Canada, Russia expect to win Arctic claims at UN
The foreign ministers of Russia and Canada both said Thursday they expect the United Nations to rule in favour of their nations' respective rival claims to Arctic resources.
Russia, the U.S., Canada, Denmark and Norway have all been trying to assert jurisdiction over parts of the Arctic, which is believed to contain as much as a quarter of the Earth's undiscovered oil and gas.
Lawrence Cannon of Canada and Sergey Lavrov of Russia said after talks in Moscow Thursday that both nations claim the Lomonosov Ridge under the Arctic as an extension of their respective continental shelves.
The dispute has intensified amid growing evidence that global warming is shrinking polar ice, opening up new shipping lanes and new resource development opportunities.
"We will submit our data on the Lomonosov Ridge and we are confident that our case will prevail backed by scientific evidence," Cannon said at a news conference after the talks.
Lavrov said Russia also is working to submit additional data that will persuade the UN of the validity of Moscow's claim.
"They should provide a scientific proof that it's an extension of our continental shelf," he said.
Moscow first submitted its claim in 2001 to the United Nations, but it was sent back for lack of evidence. Russia then dramatically staked its claim to the region by dropping a canister containing the Russian flag on the ocean floor from a small submarine at the North Pole in 2007.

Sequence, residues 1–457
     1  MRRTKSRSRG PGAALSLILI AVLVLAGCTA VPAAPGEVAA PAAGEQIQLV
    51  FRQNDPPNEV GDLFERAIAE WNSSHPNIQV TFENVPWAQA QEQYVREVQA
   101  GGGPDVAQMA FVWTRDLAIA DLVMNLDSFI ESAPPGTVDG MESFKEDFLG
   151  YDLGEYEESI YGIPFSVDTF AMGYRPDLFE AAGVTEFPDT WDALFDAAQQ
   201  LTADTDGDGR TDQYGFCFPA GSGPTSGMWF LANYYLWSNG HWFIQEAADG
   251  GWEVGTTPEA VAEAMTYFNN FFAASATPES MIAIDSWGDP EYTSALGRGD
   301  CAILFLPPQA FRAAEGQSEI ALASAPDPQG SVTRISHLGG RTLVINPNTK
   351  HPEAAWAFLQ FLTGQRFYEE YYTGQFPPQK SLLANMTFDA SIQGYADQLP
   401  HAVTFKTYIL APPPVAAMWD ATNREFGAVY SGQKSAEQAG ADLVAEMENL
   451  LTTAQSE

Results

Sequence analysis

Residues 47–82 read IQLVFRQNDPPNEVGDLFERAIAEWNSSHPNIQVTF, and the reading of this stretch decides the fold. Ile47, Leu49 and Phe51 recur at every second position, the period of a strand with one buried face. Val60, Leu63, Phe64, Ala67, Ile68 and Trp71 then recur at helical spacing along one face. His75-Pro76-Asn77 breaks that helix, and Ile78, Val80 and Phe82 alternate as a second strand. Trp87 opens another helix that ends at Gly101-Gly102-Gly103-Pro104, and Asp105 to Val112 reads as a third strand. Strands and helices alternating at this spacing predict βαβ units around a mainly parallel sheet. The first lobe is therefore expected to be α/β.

An Arctic strategy paper signed by Russian President Dmitry Medvedev in 2008 said that by 2011 Russia must complete geological studies to prove its claim to Arctic resources and win international recognition of its Arctic borders. The document said the polar region must become Russia's "top strategic resource base" by the year 2020.
Lavrov said that a United Nations commission is to rule based on the available evidence.
"Everything must be based on scientifically proven facts that the commission will consider and decide who was right," Lavrov said.
Lavrov said an agreement signed Wednesday by Russia and Norway to delineate their border in the energy-rich Barents Sea set an example for settling conflicting claims.
Warning to NATO
Lavrov also warned against NATO boosting its presence in the Arctic.
"I don't think it would be right for NATO to assume the right to determine … how to make decisions in the Arctic," he said.
Cannon said that while Canada is not looking to militarize the Arctic dispute, it intends to "assert sovereignty" over some parts of the Arctic to ensure the security of its borders.
Lavrov sought to play down the differences between Russia and Canada and underscore their common points.
"We agree with our Canadian counterparts that questions like this must be resolved by the UN Convention on the Law of the Sea and its mechanisms, which are respected by all Arctic nations," he said.